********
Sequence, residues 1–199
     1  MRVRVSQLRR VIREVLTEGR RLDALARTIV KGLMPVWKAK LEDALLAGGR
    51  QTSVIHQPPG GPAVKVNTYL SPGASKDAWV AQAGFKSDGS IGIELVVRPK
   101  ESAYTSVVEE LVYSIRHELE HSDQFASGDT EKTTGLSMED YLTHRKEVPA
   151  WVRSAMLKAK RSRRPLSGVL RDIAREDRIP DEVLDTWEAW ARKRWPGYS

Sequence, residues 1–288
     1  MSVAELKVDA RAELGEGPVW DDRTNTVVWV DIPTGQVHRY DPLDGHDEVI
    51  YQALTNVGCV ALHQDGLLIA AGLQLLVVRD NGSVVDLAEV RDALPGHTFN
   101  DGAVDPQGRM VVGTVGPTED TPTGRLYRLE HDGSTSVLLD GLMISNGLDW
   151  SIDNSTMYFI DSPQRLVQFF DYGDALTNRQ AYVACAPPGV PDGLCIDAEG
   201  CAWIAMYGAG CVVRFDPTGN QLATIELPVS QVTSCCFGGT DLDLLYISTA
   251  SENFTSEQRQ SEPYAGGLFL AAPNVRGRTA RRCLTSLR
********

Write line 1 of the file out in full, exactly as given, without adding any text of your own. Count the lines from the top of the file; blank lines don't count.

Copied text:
Sequence, residues 1–199